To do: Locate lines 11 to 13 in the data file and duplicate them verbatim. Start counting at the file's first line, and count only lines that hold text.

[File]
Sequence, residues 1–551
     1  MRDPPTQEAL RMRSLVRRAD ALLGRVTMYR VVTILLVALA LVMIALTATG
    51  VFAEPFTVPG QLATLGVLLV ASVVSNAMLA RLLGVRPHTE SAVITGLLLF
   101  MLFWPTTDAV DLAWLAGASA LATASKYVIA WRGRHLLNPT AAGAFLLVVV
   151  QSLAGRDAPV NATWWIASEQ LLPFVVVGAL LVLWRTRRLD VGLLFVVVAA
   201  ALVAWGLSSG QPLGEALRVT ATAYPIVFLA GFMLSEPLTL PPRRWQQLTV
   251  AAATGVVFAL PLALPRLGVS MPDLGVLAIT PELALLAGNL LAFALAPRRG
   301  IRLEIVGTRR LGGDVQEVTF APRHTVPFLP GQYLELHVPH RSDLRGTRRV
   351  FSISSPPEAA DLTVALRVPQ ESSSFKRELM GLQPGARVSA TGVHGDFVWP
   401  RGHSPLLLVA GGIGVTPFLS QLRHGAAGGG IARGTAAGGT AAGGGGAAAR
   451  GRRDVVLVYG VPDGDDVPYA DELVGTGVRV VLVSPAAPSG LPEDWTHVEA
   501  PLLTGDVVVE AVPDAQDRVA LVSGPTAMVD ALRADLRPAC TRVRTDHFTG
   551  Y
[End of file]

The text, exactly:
   451  GRRDVVLVYG VPDGDDVPYA DELVGTGVRV VLVSPAAPSG LPEDWTHVEA
   501  PLLTGDVVVE AVPDAQDRVA LVSGPTAMVD ALRADLRPAC TRVRTDHFTG
   551  Y